Other types of tax
Beyond income tax there are other types of taxation, with various forms of property and maintenance tax a prime example. Some emirates impose tax on leases of residential properties at a flat rate of 5%, while leases of commercial properties are taxed at 10%. Abu Dhabi has no municipal tax on rented premises, but landlords have to pay license fees. Where sales are involved, a transfer charge of 2% applies on the transfer of real estate. Of this, the seller pays 0.5% while the buyer pays 1.5%.
Taxes also apply to tourism and entertainment. Municipal taxes are imposed on hotel services and cinema shows, and service charges vary from 5% to 10% on food in restaurants, while hotels charge a 10% to 15% service charge per night.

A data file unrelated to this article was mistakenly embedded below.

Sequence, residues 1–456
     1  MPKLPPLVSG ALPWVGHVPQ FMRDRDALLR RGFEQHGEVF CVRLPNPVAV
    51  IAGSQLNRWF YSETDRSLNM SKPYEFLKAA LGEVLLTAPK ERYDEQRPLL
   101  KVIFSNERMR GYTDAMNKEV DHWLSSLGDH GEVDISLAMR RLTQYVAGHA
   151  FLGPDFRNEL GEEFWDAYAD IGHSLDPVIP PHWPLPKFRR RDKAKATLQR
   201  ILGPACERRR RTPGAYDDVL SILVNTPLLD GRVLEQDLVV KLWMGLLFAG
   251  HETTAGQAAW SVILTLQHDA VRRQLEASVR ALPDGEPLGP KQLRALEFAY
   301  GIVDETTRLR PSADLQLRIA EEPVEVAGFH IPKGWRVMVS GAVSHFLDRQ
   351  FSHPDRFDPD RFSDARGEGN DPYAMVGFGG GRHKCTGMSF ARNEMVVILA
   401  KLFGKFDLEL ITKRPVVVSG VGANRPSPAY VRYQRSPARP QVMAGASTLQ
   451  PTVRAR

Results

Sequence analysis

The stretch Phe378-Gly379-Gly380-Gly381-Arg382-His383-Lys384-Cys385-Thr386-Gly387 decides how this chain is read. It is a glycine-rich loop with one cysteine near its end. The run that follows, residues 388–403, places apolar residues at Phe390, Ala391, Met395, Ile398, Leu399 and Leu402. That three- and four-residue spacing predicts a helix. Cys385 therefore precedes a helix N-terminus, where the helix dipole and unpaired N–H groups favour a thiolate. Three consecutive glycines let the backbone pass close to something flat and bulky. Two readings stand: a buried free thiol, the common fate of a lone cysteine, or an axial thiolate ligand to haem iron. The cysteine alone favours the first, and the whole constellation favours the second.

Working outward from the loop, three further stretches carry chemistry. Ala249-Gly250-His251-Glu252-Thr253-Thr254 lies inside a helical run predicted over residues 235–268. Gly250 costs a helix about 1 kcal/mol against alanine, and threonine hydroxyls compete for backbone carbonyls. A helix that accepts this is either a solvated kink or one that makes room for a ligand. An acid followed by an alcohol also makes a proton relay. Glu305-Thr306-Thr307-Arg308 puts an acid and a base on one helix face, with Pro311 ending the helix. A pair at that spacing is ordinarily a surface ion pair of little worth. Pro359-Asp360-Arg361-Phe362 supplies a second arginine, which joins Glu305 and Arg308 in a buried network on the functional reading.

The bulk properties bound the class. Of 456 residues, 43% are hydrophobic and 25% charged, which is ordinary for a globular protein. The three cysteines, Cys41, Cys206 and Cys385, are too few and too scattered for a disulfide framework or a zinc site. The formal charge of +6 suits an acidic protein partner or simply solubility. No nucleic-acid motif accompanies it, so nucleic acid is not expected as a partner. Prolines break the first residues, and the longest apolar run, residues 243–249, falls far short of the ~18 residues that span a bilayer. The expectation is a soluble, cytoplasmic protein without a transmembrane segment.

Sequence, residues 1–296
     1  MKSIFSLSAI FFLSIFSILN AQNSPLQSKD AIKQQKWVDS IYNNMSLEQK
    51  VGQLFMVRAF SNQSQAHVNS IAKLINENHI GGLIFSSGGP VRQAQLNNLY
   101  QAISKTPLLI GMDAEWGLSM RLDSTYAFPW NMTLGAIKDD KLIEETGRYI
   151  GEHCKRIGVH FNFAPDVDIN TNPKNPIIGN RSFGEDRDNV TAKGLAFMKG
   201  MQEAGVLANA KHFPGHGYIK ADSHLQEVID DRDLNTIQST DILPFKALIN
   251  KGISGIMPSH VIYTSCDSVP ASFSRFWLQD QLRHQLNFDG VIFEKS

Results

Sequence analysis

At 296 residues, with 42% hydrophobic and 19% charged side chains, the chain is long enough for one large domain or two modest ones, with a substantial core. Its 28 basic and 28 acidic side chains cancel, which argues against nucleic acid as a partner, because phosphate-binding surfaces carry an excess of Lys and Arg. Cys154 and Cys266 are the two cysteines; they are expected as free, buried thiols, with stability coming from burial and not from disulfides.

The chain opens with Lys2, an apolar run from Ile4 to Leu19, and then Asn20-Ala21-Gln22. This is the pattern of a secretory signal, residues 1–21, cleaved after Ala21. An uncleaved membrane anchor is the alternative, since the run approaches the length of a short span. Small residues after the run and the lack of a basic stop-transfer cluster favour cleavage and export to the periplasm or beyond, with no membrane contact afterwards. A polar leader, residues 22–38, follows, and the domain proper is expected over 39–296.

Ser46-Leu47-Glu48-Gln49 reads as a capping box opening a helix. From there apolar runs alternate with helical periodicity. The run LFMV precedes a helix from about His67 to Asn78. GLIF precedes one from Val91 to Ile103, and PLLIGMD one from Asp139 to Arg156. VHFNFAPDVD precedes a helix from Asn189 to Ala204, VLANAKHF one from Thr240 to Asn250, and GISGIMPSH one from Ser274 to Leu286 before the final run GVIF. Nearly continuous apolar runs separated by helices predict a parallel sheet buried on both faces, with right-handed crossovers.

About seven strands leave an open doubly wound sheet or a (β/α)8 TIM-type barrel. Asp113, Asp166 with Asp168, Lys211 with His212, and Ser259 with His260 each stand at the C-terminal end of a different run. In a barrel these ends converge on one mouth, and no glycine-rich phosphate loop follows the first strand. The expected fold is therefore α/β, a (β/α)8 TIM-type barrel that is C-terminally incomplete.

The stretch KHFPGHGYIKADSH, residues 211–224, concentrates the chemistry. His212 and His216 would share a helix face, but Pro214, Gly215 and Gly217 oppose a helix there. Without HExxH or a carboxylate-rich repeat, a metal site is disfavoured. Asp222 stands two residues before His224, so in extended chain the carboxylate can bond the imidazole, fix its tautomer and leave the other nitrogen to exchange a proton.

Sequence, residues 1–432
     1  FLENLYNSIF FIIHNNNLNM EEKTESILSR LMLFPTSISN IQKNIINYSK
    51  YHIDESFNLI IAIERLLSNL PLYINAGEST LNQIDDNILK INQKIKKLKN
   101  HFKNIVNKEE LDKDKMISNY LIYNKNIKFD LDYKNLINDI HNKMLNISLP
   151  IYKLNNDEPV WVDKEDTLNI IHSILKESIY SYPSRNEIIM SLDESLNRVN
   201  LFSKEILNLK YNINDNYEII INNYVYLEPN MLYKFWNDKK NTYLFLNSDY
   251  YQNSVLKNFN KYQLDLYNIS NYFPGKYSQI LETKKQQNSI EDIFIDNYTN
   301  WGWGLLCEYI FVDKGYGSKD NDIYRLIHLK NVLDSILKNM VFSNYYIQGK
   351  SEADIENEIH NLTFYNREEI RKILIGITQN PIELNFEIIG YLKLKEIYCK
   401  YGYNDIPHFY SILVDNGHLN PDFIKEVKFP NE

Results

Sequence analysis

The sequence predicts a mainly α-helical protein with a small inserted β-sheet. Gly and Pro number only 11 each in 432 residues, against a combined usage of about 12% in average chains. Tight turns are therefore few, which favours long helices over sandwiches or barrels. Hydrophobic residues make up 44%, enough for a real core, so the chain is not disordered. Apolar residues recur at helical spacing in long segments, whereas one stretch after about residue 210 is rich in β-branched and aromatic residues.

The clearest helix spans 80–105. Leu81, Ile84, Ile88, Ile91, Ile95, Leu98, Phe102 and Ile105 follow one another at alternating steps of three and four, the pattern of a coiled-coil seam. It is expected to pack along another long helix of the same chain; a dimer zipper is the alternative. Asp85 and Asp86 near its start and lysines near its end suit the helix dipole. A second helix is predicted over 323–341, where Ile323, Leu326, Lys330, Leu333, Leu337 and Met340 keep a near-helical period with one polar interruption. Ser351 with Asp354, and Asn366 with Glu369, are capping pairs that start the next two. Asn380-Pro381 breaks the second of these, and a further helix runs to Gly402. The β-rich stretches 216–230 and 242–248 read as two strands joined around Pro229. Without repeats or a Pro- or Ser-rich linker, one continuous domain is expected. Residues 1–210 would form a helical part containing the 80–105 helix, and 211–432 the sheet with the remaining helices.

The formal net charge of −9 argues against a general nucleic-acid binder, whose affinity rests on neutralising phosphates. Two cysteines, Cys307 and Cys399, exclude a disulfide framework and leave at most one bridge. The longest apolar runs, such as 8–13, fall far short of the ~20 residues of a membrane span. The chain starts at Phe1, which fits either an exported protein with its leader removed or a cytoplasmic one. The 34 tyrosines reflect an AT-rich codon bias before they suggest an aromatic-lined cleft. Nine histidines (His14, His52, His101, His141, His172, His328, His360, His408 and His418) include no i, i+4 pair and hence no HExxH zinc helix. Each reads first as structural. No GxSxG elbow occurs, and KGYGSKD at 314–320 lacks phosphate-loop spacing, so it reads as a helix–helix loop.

Even in Dubai there’s a range of business property taxes and land registry fees which could be an issue for you if you have physical premises or are buying and selling property. But the other incidental taxes mentioned here are more likely to hit your individual pocket – they won’t affect your business, unless you spend a lot of time entertaining and putting visitors up in the country.
However, there are some major changes afoot in the UAE tax system that we need to look at in more detail.
The advent of VAT
Value added tax (VAT) is now actually set to happen in the UAE, rather than just a vague rumbling in the distance. For years the government has talked about the concept of VAT, but as of August this year the Federal VAT Law made it a reality, one that’s set to begin on 1st January 2018.